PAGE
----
𝑉𝐴𝐸𝑢𝑟𝑜,𝑚𝑎𝑐𝑟𝑜 = 85% ∙ 𝐶𝑆𝑆𝑅𝐸𝑢𝑟𝑜 ∙ max(𝑅𝐶𝑆𝑐𝑜 − 1.3 ∙ 𝑅𝐶𝑆𝐸𝑢𝑟𝑜; 0) ∙ 𝜔𝑐𝑜
- VAEuro,macro is the macro volatility adjustment for a country co
- CSSREuro is the credit spread sensitivity ratio of an insurance or reinsurance undertaking for the euro
- RCSco is the risk-corrected spread for the country co
- RCSEuro is the risk-corrected spread for the euro
- wco is the country adjustment factor for country co.
The amendment to the volatility adjustment helped to further increase available capital. EIOPA’s recommendation already provided a boost of around EUR 13 billion in extra capital vs EUR 45 billion under the EC review (data based on a sample of companies only, reference date mid 2020).
Risk margin (Impact study 1)
The risk margin will be reviewed, with the goal of making it less volatile and smaller. In particular, the cost of capital will be revised down from 6% to 5%. Based on the changes proposed, the capital release will be around EUR 30 billion across Europe (reference date mid 2020) vs EIOPA’s original proposal, which would have released around EUR 18 billion). These figures are for a sample of companies participating in the impact study.
Symmetric adjustment (Directive)
The symmetric adjustment corridor has been relaxed to +/- 17 percentage points. This means that in times of stress, equity capital charges will fall to 22%. This measure will help reduce the impact of market stress and avoid fire sales.
Long-term equity (Impact assessment 1)
Multiple options are under consideration:
- Option 1: Status quo
- Option 2: Relax the long-term equity (LTE) requirement (no further details were provided)
- Option 3: Reduce capital requirements on all equity investments
- Option 4: Introduce qualitative climate change scenarios
- Option 5: Introduce quantitative rules for sustainability risks, for example, potentially lower capital charges on “green equity”
The preference is to introduce Option 2 and Option 4. While there are limited details on Option 2 available in the impact study, the EC estimates that it would at least lead to twice as many insurance firms willing to use the LTE asset class and almost six times the amount of equities eligible to a preferential treatment (from EUR 4.2 billion to EUR 26 billion), therefore releasing around EUR 10 billion of capital.
Overall the publication from the EC clearly states the willingness to incentivise investments into equities, and SMEs in particular. Equity investments have been declining significantly over the course of this century.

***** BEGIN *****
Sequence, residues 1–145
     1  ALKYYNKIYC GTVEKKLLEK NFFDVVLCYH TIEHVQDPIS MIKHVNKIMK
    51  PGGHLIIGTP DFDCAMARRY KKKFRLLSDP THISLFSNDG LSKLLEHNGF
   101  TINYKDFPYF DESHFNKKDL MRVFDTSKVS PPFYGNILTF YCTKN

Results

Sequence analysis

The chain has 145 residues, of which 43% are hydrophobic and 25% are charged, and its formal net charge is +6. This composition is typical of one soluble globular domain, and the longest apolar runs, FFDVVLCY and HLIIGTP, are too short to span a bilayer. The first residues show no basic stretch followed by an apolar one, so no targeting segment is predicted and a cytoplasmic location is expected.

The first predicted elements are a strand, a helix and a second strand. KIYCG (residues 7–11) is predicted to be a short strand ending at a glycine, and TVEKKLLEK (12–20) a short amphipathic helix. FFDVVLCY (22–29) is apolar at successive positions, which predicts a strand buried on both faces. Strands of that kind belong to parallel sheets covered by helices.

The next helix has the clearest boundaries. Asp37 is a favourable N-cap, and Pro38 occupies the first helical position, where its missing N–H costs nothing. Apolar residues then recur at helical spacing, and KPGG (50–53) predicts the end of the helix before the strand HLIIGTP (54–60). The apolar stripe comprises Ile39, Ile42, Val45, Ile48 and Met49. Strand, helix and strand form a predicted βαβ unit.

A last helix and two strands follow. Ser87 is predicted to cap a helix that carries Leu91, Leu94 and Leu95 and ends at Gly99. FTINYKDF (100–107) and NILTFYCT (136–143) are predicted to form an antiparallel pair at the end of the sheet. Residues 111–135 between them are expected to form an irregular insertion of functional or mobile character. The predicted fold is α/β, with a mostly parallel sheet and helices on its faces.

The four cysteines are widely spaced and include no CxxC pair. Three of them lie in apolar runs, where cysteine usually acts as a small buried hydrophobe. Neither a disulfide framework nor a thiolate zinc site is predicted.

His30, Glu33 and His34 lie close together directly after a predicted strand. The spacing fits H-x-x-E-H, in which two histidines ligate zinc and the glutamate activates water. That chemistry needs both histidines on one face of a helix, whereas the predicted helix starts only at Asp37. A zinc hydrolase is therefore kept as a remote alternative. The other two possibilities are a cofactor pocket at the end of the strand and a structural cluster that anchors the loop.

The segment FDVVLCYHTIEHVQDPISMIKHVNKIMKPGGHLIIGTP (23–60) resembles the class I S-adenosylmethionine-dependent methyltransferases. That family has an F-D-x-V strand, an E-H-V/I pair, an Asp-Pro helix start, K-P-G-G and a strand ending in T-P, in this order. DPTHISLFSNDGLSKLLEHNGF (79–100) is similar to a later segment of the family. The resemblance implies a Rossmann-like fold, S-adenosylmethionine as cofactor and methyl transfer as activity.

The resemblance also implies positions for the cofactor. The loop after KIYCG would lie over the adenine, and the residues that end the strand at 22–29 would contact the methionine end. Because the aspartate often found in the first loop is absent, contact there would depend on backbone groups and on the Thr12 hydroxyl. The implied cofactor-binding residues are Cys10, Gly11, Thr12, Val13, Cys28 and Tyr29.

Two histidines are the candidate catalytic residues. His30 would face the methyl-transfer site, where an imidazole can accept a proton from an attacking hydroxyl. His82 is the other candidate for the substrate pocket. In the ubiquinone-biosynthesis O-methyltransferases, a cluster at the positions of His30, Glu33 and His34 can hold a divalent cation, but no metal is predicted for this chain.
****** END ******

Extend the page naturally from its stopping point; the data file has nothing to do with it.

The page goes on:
The directive introduces the need to apply climate change stress scenarios to the balance sheet, which would be part of the Own Risk Solvency Assessment (ORSA). In addition, environmentally or socially harmful investments could incur capital charges. A review will be published no later than 2023 and will also include a recalibration of the natural catastrophe risk module.
Currently only about 5% of all investments are “taxonomy-eligible”. As part of the European Green Deal, favourable treatment may potentially be given to “green” assets to incentivise insurers to invest in them
A new paragraph was inserted in the directive. Insurers will have to develop liquidity risk indicators. Furthermore, national supervisory authorities (NSAs) will have additional powers to intervene in the event insurers experience liquidity vulnerabilities and, as a last resort, freeze redemption options on life policies (either market wide or at the company level).
In order to ensure consistent application of this article, EIOPA shall develop draft regulatory technical standards to further specify the content and the frequency that the liquidity risk management plan will be updated. A study on this topic from EIOPA is expected towards the end of 2021.
Avoiding systemic risk in the insurance sector (Impact study 1)
The impact study mentions a proposed a list of targeted amendments to prevent financial stability risk. This includes the illiquidity risk assessment discussed earlier, which will be implemented by NSAs. Prudential rules would also be amended so that banking-type loan origination activities by insurers are not subject to a more preferential treatment than in the banking sector, thus preventing regulatory arbitrage and “shadow banking”. This would be achieved through amendments to counterparty default risk so that it would be aligned with banking sector regulations (Basel III). We expect this change to affect the allocation to mortgages in the Netherlands and Belgium, where this issue is prevalent.
Overall, the update from the European commission is very welcome. The progressive phase-in of the more restrictive measures, such as the extrapolation method and interest rate shock, allows capital to be released in the short term and help insurers support the economic recovery post-pandemic, while also deploying capital towards green assets and supporting the European Green Deal.